Background: This study compares results of physical activity report cards from 9 countries with low to medium human development indices, participating in the Global Matrix 3.0 initiative. Methods: Country-specific report cards were informed by relevant data and government policy documents, reporting on 10 core indicators of physical activity for children and youth. Data were synthesized by report card working groups following a harmonized process. Grade assignments for each indicator utilized a standard grading rubric. Indicators were grouped into one of 2 categories: daily behaviors and settings and sources of influence. Descriptive statistics (average grades) were computed after letter grades were converted into interval variables. Spearman’s rank correlation coefficients were calculated for all correlation analyses. Results: Mean grades for daily behaviors were higher (C) than those for settings and sources of influence (D+). Twenty-nine out of the possible 90 grades were assigned an incomplete. There were moderate to strong positive and negative relationships between different global indices and overall physical activity, organized sport and physical activity, active play, family, community and environment, and government. Conclusions: Findings demonstrate an urgent need for high-quality data at the country level in order to better characterize the physical activity levels of children and youth in countries with low to medium human development indices.

Open access

Salomé Aubert, Joel D. Barnes, Nicolas Aguilar-Farias, Greet Cardon, Chen-Kang Chang, Christine Delisle Nyström, Yolanda Demetriou, Lowri Edwards, Arunas Emeljanovas, Aleš Gába, Wendy Y. Huang, Izzeldin A.E. Ibrahim, Jaak Jürimäe, Peter T. Katzmarzyk, Agata Korcz, Yeon Soo Kim, Eun-Young Lee, Marie Löf, Tom Loney, Shawnda A. Morrison, Jorge Mota, John J. Reilly, Blanca Roman-Viñas, Natasha Schranz, John Scriven, Jan Seghers, Thomas Skovgaard, Melody Smith, Martyn Standage, Gregor Starc, Gareth Stratton, Tim Takken, Tuija Tammelin, Chiaki Tanaka, David Thivel, Richard Tyler, Alun Williams, Stephen H.S. Wong, Paweł Zembura and Mark S. Tremblay

Background: To better understand the childhood physical inactivity crisis, Report Cards on physical activity of children and youth were prepared concurrently in 30 very high Human Development Index countries. The aim of this article was to present, describe, and compare the findings from these Report Cards. Methods: The Report Cards were developed using a harmonized process for data gathering, assessing, and assigning grades to 10 common physical activity indicators. Descriptive statistics were calculated after converting letter grades to interval variables, and correlational analyses between the 10 common indicators were performed using Spearman’s rank correlation coefficients. Results: A matrix of 300 grades was obtained with substantial variations within and between countries. Low grades were observed for behavioral indicators, and higher grades were observed for sources of influence indicators, indicating a disconnect between supports and desired behaviors. Conclusion: This analysis summarizes the level and context of the physical activity of children and youth among very high Human Development Index countries, and provides additional evidence that the situation regarding physical activity in children and youth is very concerning. Unless a major shift to a more active lifestyle happens soon, a high rate of noncommunicable diseases can be anticipated when this generation of children reaches adulthood.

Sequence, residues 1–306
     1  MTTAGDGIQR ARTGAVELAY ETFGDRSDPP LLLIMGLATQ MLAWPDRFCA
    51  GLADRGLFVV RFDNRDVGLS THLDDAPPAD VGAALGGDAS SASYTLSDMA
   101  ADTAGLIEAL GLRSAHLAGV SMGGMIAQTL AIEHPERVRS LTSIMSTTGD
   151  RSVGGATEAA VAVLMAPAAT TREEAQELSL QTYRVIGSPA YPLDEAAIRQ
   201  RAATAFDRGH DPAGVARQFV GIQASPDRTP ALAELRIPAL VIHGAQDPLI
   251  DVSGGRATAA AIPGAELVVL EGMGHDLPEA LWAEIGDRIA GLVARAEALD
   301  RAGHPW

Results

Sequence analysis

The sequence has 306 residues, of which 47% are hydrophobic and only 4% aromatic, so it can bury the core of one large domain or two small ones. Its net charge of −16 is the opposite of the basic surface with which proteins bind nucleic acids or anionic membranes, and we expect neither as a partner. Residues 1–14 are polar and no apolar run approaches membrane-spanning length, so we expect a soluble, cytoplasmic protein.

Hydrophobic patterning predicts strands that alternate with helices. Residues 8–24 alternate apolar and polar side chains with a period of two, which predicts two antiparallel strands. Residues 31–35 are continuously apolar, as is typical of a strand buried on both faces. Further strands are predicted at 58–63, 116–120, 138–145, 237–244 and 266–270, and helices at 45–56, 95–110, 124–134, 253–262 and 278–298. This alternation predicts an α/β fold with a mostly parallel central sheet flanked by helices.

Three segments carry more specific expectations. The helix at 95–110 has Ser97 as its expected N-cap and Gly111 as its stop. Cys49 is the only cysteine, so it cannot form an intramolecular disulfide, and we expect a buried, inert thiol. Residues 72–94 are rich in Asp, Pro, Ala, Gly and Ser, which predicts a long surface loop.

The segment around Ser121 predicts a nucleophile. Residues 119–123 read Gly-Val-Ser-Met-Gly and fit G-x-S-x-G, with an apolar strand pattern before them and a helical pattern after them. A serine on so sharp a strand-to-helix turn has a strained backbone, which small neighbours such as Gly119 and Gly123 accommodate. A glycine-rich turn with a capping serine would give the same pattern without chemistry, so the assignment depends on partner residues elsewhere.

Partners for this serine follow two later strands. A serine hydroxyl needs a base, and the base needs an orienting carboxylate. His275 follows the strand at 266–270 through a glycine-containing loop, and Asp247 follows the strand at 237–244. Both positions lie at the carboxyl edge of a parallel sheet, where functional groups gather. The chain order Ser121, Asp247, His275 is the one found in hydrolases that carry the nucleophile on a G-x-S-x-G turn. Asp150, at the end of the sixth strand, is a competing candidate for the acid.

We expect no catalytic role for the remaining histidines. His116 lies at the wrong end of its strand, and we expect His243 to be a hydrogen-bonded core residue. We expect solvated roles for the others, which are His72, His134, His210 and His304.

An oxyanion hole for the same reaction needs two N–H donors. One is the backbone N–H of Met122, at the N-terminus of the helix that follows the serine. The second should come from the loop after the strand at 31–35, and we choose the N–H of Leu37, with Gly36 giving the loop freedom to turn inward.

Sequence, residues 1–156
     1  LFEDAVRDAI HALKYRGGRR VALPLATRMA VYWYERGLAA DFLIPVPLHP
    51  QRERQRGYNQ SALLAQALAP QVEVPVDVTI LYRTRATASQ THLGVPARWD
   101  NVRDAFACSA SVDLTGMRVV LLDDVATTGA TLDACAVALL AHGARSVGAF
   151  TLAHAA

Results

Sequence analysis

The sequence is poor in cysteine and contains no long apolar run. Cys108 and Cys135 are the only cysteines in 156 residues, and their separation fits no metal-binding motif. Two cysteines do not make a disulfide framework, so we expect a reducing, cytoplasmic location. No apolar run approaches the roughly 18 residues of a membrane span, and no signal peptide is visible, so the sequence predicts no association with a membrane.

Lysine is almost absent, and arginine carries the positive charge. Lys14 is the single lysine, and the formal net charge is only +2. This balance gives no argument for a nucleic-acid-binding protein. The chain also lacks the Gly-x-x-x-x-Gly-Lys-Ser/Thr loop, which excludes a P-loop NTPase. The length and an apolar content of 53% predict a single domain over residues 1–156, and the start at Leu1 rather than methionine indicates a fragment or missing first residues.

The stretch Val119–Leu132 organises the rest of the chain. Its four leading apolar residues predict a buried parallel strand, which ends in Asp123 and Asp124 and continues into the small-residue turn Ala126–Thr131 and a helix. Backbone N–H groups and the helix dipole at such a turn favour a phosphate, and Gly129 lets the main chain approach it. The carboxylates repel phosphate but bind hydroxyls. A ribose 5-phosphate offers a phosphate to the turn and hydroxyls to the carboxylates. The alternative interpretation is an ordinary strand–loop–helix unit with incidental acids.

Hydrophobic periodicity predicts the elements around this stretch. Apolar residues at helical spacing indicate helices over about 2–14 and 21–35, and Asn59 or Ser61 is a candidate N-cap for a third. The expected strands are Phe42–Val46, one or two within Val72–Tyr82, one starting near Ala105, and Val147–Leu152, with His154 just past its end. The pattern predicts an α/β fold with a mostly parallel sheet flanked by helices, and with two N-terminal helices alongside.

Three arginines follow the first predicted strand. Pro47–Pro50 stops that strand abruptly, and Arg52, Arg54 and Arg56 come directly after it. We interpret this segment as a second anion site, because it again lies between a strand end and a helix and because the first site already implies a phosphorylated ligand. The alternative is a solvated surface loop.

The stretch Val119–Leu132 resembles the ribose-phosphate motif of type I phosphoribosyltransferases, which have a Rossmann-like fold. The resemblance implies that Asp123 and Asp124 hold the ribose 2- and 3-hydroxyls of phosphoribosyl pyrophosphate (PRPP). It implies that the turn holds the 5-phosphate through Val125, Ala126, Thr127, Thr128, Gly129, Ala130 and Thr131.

Open access

Silvia A. González, Joel D. Barnes, Patrick Abi Nader, Dolores Susana Andrade Tenesaca, Javier Brazo-Sayavera, Karla I. Galaviz, Marianella Herrera-Cuenca, Piyawat Katewongsa, Juan López-Taylor, Yang Liu, Bilyana Mileva, Angélica María Ochoa Avilés, Diego Augusto Santos Silva, Pairoj Saonuam and Mark S. Tremblay

Background: The Global Matrix 3.0 brings together the Report Card grades for 10 physical activity indicators for children and youth from 49 countries. This study describes and compares the Global Matrix 3.0 findings among 10 countries with high Human Development Index. Methods: Report Cards on physical activity indicators were developed by each country following a harmonized process. Countries informed their Report Cards with the best and most recent evidence available. Indicators were graded using a common grading rubric and benchmarks established by the Active Healthy Kids Global Alliance. A database of grades from the countries was compiled, and letter grades were converted to numerical equivalents. Descriptive statistics and scores for groups of indicators were calculated, and correlation analyses were conducted. Results: Grades for the 10 countries clustered around “D” ranging from “F” to “B+.” Active Transportation had the highest average grade (“C”), whereas Overall Physical Activity had the lowest average grade (“D-”). Low grades were observed for both behavioral and sources of influence indicators. Conclusions: In the context of social and economical changes of high- Human Development Index countries, urgent actions to increase physical activity among children and youth are required. Surveillance and monitoring efforts are required to fill research gaps.

Open access

Natasha Schranz, Vanessa Glennon, John Evans, Sjaan Gomersall, Louise Hardy, Kylie D. Hesketh, David Lubans, Nicola D. Ridgers, Leon Straker, Michalis Stylianou, Grant R. Tomkinson, Stewart Vella, Jenny Ziviani and Tim Olds

Open access

Asaduzzaman Khan, Mohammad Abdul Kadir, Sohel Reza Choudhury, Fatema Ashraf, Mahbubur Rahman, Kazi Rumana Ahmed, K. M. Saif-Ur-Rahman, Sonia Parvin and Riaz Uddin

Open access

Dawn M. Tladi, Malebogo Monnaatsie, Sheila Shaibu, Gaonyadiwe Sinombe, Gaonyadiwe G. Mokone, Lesego Gabaitiri, Leapetswe Malete and Hubona Omphile